The German financial regulator has published a brief survey of IT security in German which reveals, in its own words, that “cyber-criminals are relatively lazy.” The survey looks at solutions to problems that do not exist yet and the ways in which German banks are gearing up for the fight against cyber-crime.
Most IT-related losses and damage are caused accidentally – at IT service providers or internally at banks - through faulty hardware or the shorcomings of bank staff who are particularly error-prone during the current epidemic because working conditions and workflows are no longer what they used to be.
The document provides readers with an overview of the status quo, the use of cyber-insurance in crisis management and cyber-resilience with TIBER-DE – a future means by which "ethical hackers" can attack financial entities in Germany. The survey concludes that “the danger is real and it is growing.” Lastly, no document of this kind from a German regulator would be complete without a passionate call for the pan-European supervision of information security and cloud computing. It is to be found at https://www.bafin.de/SharedDocs/Downloads/EN/BaFinPerspektiven/2020/bp_20-1_cybersicherheit_en.pdf?__blob=publicationFile&v=5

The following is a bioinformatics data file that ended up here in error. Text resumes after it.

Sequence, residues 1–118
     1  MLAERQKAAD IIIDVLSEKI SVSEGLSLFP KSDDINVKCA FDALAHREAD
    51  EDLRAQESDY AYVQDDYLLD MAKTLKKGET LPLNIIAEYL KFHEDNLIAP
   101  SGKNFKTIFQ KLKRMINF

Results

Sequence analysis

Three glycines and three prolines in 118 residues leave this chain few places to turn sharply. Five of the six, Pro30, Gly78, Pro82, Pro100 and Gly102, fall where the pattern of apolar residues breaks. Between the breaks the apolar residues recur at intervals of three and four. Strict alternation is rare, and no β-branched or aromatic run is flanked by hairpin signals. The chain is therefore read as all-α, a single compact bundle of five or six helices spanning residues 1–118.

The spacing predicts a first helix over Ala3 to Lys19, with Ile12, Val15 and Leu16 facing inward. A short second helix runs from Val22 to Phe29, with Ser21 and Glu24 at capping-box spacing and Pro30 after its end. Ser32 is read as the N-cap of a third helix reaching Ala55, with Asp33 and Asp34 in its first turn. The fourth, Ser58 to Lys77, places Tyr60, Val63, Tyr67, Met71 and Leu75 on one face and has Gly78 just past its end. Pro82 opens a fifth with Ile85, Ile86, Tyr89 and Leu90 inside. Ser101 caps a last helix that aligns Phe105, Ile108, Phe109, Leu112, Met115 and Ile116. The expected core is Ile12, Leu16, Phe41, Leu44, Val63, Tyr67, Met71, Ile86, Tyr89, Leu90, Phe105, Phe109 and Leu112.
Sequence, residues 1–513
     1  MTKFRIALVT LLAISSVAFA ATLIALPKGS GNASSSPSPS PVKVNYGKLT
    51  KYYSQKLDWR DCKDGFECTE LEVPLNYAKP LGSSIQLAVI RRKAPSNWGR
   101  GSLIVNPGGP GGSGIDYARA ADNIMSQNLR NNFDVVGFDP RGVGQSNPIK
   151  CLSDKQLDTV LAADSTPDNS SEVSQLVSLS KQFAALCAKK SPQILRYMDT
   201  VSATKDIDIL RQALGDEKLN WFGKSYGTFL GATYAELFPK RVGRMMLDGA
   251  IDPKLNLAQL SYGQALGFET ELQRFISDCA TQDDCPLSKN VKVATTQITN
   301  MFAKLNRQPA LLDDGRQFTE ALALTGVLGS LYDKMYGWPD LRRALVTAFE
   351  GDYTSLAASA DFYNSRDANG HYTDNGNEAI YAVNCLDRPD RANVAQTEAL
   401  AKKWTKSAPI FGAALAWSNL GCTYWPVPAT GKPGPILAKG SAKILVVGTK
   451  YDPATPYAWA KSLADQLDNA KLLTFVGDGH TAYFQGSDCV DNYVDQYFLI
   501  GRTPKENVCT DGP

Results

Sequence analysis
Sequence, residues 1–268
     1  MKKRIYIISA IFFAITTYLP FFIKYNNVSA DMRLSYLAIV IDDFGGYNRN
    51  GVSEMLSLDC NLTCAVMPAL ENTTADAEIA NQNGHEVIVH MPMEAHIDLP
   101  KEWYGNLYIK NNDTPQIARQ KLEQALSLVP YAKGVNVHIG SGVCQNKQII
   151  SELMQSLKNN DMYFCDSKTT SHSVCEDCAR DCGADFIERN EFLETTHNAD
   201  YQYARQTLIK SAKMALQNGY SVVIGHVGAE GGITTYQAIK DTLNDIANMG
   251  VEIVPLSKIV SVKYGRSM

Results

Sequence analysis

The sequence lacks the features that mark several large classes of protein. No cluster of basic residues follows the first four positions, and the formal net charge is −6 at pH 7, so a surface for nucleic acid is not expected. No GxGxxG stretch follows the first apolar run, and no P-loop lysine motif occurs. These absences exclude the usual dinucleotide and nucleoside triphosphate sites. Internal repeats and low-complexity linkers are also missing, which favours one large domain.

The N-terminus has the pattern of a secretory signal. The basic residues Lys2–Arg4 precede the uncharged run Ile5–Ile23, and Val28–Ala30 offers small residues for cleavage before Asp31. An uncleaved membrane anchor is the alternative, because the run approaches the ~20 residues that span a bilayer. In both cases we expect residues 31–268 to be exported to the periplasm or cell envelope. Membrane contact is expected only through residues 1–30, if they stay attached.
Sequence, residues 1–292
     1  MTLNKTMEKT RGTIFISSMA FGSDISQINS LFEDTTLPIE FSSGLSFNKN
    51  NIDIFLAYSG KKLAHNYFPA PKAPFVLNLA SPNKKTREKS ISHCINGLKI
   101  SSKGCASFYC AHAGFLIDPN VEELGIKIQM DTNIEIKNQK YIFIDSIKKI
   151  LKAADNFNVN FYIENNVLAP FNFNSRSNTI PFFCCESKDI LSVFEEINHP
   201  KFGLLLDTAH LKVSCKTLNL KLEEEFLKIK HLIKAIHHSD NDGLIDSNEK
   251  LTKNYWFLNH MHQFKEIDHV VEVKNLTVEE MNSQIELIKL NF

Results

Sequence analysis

Meanwhile, a document called "Supervisory Requirements for IT in German Asset Managers" (Kapitalverwaltungsaufsichtliche Anforderungen an die IT or KAIT for short), which BaFin published in German last year, is now also available in English. This describes the principle-based "minimum requirements" that German asset managers with authorisation pursuant to section 20 KAGB have to satisfy. They are to be found at https://www.bafin.de/SharedDocs/Downloads/EN/Rundschreiben/dl_rs_1911_KAIT_en.html